Relating Pedagogical and Learning Space Designs in Second Life

Relating Pedagogical and Learning Space Designs in Second Life

Ahmad John Reeves (The Open University, UK) and Shailey Minocha (The Open University,UK)
DOI: 10.4018/978-1-60960-517-9.ch003

Abstract

Second Life is a three-dimensional virtual world which is being employed by educational institutions and training organizations to support teaching and learning. However, there is little guidance as to how 3D learning spaces should be designed to correspond to the learning activity and the learning context of the student, such as students’ skills and the nature of the program (e.g. distance education, blended learning). This chapter describes an empirical study involving Second Life educators, designers, and students, and derives guiding principles for the design of learning spaces in 3D virtual worlds. It is hoped that the guidance and examples described in this chapter will support educators and designers in designing 3D learning spaces and activities that foster students’ socialization, informal learning, collaboration, and creativity. Although, the empirical study focused on Second Life, it is hoped that the results will be applicable for 3D virtual worlds in general.
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Introduction

Three-dimensional virtual worlds, also called synthetic worlds, are multimedia, simulated environments, often managed over the Web, which users can ‘inhabit’ and interact via their graphical self-representations known as ‘avatars’. In a 3D virtual world, the users, represented as avatars, experience others as being present in the same environment even though they may be geographically distributed. Users converse in real time through gestures, audio, text-based chat, and instant messaging communication (e.g. Meadows, 2008).

Three-dimensional virtual worlds support synchronous communication and collaboration more effectively than 2D web-based environments: by extending the user’s ability to employ traditional communication cues of face-to-face interactions, such as gestures and voice; and having a sense of presence and a sense of place in a way that 2D (web-based) environments do not (Bronack et al., 2008b). There are several 3D virtual world platforms, such as Active Worlds, OLIVE, Protosphere, Second Life and Web Alive (Wilson, 2009). In this chapter, the focus is on Second Life (http://www.secondlife.com) and its role in education. Unlike massively multiplayer online role-playing games, such as World of Warcraft that have a scripted plot or storyline, Second Life is not a ‘game’ per se. The content and narrative in Second Life is constructed and owned by the residents (users) of Second Life, and Linden Labs, the company that created Second Life, provides the infrastructure, hardware and software to support Second Life.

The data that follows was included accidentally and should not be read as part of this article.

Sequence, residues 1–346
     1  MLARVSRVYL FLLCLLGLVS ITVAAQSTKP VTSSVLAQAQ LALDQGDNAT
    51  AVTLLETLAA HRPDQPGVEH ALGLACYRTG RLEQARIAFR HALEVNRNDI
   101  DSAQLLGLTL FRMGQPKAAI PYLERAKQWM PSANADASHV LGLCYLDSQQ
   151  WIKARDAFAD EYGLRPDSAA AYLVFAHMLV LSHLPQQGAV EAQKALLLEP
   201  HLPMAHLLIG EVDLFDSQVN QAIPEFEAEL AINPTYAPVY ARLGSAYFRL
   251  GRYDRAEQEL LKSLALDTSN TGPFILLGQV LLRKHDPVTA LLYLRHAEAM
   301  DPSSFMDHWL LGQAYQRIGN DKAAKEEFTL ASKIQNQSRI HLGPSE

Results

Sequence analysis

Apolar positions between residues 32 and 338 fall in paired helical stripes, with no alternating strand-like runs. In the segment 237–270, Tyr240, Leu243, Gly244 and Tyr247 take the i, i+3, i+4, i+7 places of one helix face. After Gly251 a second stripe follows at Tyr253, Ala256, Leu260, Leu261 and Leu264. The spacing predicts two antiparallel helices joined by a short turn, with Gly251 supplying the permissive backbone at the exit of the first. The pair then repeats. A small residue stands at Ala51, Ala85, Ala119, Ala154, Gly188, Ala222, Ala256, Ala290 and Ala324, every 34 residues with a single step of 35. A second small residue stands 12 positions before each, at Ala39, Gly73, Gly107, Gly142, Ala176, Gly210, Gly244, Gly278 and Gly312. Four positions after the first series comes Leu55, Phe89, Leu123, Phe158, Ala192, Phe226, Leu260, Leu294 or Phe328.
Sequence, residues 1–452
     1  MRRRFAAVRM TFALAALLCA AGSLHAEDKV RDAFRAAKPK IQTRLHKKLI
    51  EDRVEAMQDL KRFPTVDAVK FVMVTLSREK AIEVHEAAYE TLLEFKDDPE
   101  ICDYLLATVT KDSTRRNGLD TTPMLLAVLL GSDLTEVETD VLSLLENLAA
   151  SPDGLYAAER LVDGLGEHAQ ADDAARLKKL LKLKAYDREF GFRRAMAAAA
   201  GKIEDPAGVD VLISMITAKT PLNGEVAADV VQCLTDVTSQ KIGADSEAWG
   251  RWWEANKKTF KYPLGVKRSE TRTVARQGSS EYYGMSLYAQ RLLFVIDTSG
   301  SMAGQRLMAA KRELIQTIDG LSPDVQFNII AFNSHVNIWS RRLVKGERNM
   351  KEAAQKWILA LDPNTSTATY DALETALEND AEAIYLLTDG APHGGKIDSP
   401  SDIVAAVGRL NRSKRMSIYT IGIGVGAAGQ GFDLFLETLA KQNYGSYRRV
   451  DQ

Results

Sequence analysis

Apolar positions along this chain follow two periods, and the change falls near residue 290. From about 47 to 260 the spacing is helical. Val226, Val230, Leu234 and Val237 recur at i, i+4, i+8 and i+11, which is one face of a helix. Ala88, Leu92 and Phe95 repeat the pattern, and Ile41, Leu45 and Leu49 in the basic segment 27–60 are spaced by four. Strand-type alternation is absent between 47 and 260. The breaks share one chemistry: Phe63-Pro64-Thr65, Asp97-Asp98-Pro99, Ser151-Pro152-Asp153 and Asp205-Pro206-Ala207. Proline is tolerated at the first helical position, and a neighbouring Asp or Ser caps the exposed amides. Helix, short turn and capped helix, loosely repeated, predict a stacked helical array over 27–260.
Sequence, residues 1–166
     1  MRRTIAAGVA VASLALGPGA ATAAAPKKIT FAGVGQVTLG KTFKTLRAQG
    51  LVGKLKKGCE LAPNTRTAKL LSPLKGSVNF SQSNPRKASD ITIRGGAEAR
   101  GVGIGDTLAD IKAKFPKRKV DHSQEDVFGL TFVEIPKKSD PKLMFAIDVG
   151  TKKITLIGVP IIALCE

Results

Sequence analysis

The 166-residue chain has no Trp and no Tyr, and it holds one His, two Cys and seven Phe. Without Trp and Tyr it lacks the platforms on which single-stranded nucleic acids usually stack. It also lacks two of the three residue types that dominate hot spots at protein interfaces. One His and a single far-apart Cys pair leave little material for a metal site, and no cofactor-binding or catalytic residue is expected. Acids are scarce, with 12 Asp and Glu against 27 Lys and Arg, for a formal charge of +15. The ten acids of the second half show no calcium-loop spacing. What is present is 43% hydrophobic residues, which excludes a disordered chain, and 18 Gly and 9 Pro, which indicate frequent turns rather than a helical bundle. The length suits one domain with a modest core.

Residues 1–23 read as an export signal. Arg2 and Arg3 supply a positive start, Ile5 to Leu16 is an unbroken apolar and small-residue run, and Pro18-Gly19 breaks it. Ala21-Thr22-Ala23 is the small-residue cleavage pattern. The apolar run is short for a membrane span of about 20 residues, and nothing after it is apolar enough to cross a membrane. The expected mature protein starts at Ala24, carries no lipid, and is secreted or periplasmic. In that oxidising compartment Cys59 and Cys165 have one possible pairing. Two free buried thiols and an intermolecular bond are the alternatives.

Three-dimensional virtual worlds such as Second Life offer new opportunities for educators to teach in immersive and creative spaces. However, educators face a number of challenges regarding the design of activities and design of 3D learning spaces. In terms of theoretical underpinnings, moving from established transmissive theories of learning such as behaviorism and cognitivism to more participatory ones such as social constructivism can be challenging. Also, the design of 3D learning spaces and, particularly, the realism and non-realism of learning spaces and the influence of learning spaces on student learning and engagement raise interesting issues for educators and learning space designers.

In the DELVE project (Design of Learning Spaces in 3D Virtual Environments, (JISC, 2008)), one aim was to investigate the relationship between the designs of learning activities and the designs of learning spaces in Second Life. An empirical study involving Second Life educators, designers, and students was conducted to investigate their experiences with, and perceptions of learning space designs in Second Life.

This chapter focuses on the flexibility and scope that 3D virtual worlds provide in terms of designs of learning activities and learning spaces. It addresses the following research questions from the DELVE project:

  • Q1: What is meant by a ‘learning space’ in Second Life?

  • Q2: How does the pedagogy influence the design of learning spaces, and vice versa?

  • Q3: What kinds of learning activities are currently being carried out in Second Life?

  • Q4: Does the level of visual realism of a learning space influence the experiences of a learning activity, and why?

The analysis in this chapter is presented as answers to the research questions listed above. Through empirically grounded data, this chapter will highlight the importance for educators to match the design of learning activities with the designs of learning spaces for a positive student experience. It is hoped that the guiding principles and vignettes presented in this chapter will provide useful guidance and triggers for ideas to educators and designers who are planning to set up learning activities and spaces in Second Life. Although the empirical investigations were carried out in Second Life, it is hoped that the results will be applicable to other configurable 3D virtual worlds.

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